Lesotho-born and raised, Nancy Messieh, The Next Web's Middle East Editor, is an Egyptian writer and photographer based in Cairo, Egypt. Fol Lesotho-born and raised, Nancy Messieh, The Next Web's Middle East Editor, is an Egyptian writer and photographer based in Cairo, Egypt. Follow her on Twitter, her site or Google+ or get in touch at [email protected]
We’ve spoken a lot about the pros and cons of online anonymity, a discussion which was recently spurred by Google+’s short-lived real name policy which forced users to sign up for the site using only their real names.
In Kuwait, the Ministry of Interior is in the process of enforcing a rule of their own on Twitter which prevents Kuwaiti users from using anonymous accounts.
According to the Kuwaiti News Agency, in a press statement made yesterday, the Ministry announced the intention to suspend any anonymous accounts on Twitter. It was not made clear how they would go about doing so and whether or not they would be asking Twitter itself to suspend the accounts.
The statement went on to say that the move was meant to protect the rights of citizens and residents who have found themselves the subject of slander through statements made by these anonymous accounts, a crime punishable by law in the country, as it is in the UAE.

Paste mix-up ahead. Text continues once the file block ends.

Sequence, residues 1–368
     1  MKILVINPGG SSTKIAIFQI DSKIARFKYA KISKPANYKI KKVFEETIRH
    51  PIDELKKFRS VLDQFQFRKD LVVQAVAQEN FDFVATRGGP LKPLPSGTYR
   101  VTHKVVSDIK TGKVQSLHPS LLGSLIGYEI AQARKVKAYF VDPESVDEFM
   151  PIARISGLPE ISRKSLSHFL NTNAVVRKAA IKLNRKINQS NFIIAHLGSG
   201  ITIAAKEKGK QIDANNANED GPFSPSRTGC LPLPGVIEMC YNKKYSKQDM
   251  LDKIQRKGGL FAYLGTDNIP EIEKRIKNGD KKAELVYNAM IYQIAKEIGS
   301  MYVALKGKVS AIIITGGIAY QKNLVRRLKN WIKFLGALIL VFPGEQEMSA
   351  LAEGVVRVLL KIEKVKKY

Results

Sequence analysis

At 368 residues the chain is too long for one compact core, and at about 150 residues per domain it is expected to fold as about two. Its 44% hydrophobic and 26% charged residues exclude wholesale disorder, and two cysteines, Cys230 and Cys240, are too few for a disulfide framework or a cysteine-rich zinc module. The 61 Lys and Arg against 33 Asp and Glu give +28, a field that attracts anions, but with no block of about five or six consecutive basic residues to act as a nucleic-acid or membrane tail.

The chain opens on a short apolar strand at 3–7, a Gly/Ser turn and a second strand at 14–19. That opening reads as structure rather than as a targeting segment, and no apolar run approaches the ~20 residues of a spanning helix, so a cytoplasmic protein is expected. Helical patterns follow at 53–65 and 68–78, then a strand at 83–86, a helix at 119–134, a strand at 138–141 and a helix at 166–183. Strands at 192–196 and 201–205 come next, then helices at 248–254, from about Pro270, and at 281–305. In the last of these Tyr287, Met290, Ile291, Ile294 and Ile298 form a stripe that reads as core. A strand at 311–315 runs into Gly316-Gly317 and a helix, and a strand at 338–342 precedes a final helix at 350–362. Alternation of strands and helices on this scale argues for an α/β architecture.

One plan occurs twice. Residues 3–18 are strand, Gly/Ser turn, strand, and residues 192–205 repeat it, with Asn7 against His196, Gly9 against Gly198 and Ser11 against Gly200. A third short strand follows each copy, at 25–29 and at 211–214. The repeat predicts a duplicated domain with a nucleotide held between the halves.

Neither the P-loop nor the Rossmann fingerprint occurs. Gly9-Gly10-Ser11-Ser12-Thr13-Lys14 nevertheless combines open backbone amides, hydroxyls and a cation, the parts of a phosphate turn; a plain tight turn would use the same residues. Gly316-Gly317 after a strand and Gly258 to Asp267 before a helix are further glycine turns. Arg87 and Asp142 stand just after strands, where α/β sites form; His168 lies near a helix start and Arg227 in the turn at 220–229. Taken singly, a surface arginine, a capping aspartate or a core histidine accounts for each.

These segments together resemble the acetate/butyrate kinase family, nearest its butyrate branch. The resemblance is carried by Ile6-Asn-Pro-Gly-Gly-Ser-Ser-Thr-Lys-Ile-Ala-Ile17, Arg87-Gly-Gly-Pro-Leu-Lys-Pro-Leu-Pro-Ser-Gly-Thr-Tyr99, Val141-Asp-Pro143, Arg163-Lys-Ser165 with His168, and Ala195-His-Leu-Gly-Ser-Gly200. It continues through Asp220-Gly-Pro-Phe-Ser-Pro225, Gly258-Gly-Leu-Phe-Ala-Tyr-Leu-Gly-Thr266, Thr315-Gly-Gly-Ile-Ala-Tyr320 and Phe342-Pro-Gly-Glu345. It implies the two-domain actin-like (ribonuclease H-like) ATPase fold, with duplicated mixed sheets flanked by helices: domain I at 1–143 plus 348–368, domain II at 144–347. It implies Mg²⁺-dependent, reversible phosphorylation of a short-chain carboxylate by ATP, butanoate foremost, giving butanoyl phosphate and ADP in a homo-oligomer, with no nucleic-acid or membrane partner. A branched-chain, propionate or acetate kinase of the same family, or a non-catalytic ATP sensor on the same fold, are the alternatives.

Statements made on social networking sites like Twitter and Facebook have already landed users in jail in the Middle East, and Kuwait has been no exception.
Kuwaiti citizen Nasser Abul was arrested for criticizing the Saudi and Bahraini royal families on Twitter, while Lawrence al-Rashidi was arrested for comments made about Kuwait’s own royal family. While Abul was released 3 months later, there has been no news of al-Rashidi’s trial in the past few months.
Freedom of expression when it comes to personal opinions has certainly been a murky topic in Kuwait, as was demonstrated by the lawsuit brought against a Kuwaiti blogger for a less-than favourable review of a restaurant.
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